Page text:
Isra Alqudah studies within the School of Arts, English and Languages at Queen’s. Her PhD topic is “The Effect of Censorship on Translating Films With Special Reference to Jordan”. Translation is part of the Modern Languages research cluster, which provides a vibrant environment for both disciplinary and interdisciplinary scholarship.
Recognised as a centre of excellence for research into the languages, literatures, histories, linguistics, visual cultures, and cultural identities of Europe and beyond, the cluster is founded on a dynamic and forward-looking research ethos.
Jamie Day is a PhD student with The Senator George J. Mitchell Institute for Global Peace, Security and Justice. Working within the LINCS programme (Leverhulme Trust and DEL funded), Jamie is under the supervision of Dr Tom Walker and Dr Fabian Schuppert from the School of History, Anthropology, Philosophy and Politics and Dr Kieran McLaughlin from the Institute of Electronics, Communications and Information Technology. Her research predominantly looks at the right to privacy. In particular specific interests in privacy that have been overtly affected by the development of technologies such as methods of data storage, communication and surveillance.
Jessica Simonds is a PhD student within the School of History, Anthropology, Philosophy and Politics. Her research is based around the question 'Why and how do P&I clubs influence the counter-piracy practice of merchant ships in the high sea, high-risk trade routes?'. The project follows on from research undertaken by Jessica during the MA in Violence, Terrorism, and Security at Queen’s University Belfast. The project reflects the School's interdisciplinary ethos and follows a mixed methods approach that will allow the exploration of international trade law, maritime law, security studies, piracy studies and international relations in one of the most exciting, unconventional spaces of global governance.
Kathryn Mitchell is originally from California, where she completed her BA in International Relations and Anthropology/Sociology at Mills College in Oakland, CA. She later came to Queen’s University Belfast's School of History, Anthropology, Poltics and Philosophy where she earned her MA with Distinction in Violence, Terrorism and Security. What started in her MA, as a look at counter-terrorism policies use of emancipation discourse to help explain for the rise of female suicide bombers, has since evolved into a PhD examining how emancipation functions in counter-terrorism politics. To do this she takes a feminist perspective in Critical Security Studies to expand on the literature of emancipation and security.
Lisha Xu is a PhD Translation student within the School of Arts, English and Languages at Queen’s. Lisha's research is on translating Peking Opera on the Anglophone stage. As a first year student her work is currently at the data collection stage. While based in Queen's in Belfast Lisha has taken the opportunity to make the short flight from Belfast to London to complete archival research in the British Library and London's West End. Lisha plans to complete an internship in a theatre as her next step to have a clearer idea of how to apply her research in practice.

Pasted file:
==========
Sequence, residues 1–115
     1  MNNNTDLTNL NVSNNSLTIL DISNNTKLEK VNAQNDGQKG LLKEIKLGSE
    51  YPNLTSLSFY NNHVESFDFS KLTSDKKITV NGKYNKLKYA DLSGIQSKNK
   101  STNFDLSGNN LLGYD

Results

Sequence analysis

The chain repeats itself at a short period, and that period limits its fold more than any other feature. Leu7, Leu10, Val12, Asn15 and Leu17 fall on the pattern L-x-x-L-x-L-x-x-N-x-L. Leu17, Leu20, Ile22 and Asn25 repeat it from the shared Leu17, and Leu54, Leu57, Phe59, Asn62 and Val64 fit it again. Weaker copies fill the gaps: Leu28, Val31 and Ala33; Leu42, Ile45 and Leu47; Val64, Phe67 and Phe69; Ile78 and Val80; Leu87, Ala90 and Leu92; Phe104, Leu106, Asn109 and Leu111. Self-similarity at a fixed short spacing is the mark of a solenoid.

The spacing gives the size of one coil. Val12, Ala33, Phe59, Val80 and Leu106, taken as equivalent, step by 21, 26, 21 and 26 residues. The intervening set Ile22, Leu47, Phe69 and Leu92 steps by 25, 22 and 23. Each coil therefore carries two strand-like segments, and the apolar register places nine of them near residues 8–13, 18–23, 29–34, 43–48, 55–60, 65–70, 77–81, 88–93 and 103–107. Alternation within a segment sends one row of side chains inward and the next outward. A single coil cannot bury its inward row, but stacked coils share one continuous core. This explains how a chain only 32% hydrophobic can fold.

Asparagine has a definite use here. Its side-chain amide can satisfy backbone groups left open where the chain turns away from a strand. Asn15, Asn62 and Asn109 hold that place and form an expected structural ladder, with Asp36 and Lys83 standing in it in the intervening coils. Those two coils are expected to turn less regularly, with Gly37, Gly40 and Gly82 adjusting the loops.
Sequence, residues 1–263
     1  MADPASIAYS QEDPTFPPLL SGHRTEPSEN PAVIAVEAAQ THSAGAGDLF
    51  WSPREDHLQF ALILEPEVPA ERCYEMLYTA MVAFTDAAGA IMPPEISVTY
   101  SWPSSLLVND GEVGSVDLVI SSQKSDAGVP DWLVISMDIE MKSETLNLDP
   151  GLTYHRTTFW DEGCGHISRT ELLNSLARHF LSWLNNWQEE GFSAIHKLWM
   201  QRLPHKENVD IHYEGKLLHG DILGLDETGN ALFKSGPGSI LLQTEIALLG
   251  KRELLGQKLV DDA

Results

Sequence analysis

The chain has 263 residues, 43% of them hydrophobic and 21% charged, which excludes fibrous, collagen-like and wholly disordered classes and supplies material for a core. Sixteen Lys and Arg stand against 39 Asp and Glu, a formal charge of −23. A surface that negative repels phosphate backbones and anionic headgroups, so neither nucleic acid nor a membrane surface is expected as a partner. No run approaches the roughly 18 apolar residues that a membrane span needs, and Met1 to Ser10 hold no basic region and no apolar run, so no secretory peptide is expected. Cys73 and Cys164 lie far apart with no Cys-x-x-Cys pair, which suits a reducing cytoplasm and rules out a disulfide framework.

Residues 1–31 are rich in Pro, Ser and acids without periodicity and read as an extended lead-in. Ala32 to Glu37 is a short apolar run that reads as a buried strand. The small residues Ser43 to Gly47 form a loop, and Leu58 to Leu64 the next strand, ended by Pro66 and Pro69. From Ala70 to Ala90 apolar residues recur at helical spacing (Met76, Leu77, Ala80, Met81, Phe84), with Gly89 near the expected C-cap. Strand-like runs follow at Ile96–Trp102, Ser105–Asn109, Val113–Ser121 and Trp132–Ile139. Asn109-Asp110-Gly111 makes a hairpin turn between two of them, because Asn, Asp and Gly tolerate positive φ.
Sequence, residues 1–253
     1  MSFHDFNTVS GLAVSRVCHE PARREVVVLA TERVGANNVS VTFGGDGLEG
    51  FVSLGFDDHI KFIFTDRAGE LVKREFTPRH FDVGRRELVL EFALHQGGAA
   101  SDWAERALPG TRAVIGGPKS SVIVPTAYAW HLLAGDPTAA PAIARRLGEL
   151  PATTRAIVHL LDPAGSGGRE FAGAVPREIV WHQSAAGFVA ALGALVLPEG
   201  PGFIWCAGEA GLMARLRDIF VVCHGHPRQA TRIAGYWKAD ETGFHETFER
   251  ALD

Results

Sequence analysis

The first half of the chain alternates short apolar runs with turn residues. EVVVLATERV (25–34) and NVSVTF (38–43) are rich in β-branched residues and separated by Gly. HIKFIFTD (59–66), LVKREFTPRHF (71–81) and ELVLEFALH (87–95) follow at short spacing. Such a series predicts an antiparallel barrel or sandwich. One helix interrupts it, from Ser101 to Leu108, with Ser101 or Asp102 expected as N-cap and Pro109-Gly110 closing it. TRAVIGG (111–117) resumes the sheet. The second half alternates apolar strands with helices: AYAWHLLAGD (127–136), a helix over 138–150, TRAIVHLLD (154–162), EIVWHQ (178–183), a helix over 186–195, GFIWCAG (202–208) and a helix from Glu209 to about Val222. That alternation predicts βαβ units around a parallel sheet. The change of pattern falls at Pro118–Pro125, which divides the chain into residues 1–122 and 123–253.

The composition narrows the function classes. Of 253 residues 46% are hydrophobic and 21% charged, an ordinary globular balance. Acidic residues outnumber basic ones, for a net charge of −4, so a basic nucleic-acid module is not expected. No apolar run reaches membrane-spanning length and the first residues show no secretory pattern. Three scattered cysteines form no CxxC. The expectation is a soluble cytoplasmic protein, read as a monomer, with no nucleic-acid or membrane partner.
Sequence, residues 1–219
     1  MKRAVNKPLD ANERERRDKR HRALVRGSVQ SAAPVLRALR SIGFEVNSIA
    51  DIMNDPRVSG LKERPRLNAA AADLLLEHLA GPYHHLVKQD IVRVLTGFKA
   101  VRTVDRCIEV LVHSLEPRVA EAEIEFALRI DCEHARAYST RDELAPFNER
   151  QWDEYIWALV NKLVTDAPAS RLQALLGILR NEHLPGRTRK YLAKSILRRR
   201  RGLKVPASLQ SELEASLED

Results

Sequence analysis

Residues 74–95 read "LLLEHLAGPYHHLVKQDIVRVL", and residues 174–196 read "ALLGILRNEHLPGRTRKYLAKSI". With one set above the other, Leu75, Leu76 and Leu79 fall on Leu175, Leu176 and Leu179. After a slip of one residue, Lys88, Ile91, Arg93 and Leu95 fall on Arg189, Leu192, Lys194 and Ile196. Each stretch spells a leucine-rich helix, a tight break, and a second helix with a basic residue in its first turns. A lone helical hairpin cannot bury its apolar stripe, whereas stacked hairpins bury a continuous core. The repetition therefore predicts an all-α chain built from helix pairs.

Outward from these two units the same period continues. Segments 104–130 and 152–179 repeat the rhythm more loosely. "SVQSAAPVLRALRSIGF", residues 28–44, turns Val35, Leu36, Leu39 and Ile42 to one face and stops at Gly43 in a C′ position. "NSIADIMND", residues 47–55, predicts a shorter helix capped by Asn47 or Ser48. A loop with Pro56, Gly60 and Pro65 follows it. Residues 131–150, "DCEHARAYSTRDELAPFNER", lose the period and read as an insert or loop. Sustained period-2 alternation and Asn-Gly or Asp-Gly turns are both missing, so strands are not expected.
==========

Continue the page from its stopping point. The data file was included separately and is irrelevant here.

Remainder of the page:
The Centre for Translation and Interpretation (CTI) at Queen's conducts innovative research in a wide range of topics in translation and interpreting. Areas currently being researched at CTI include: Literary Translation, Translation Ethics, Theatre Translation, Translation and the Media.
Mohammad Alyamani is a professional doctorate in Education candidate on the EdD Teaching English to Speakers of Other Languages (TESOL) pathway within the School of Social Sciences, Education and Social Work. Following his studies, Mohammad aims to launch an online language learning portal business. Mohammad has attained a number of business ready skills thanks to additional training courses provided by The Graduate School at Queen's, including completing Chartered Management Institute (CMI) Level 7 Training in Strategic Management and Leadership.
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Omar Alansari is studying a PhD in Law. The working title of his thesis is: 'Identity without Citizenship: Towards a Global Registration System of the Stateless.' His thesis studies the extent to which a global registration system for stateless people is needed to protect their rights and ensure that they have a legal status that is recognised nationally and internationally. Omar is specialized and interested in Sharia Law (Islamic Law), International Law and Human Rights.
The School of Law is ranked as a leading centre for legal research in the UK, offering PhD supervision across the legal field, supporting a range of approaches, from the doctrinal to the sociolegal, comparative or critical. By being based in Belfast the School has direct contact with the legal profession and judiciary, allowing excellent access in terms of the study of law and legal practice. QUB Law academics are recognised experts at home and abroad.
Stephen Billington is studying for a PhD in Economics at Queen's Management School. His research focuses on innovation, particularly on how institutional change shapes the incentives governing inventive behaviour in economic history. Stephen is also a research student at the Queen's University Centre for Economic History.
In its analysis of the 2014 Research Excellence Framework results, the Chartered Association of Business Schools positioned Queen’s Management School at 9th place out of 101 UK business and management schools for research intensity. Research in the Queen’s Management School interprets patterns of economic, business and social life in a manner that fosters new theories and ideas; engages in empirical research grounded in current practices; and develops suggestions for public policy as well as for institutional and organisational innovations.
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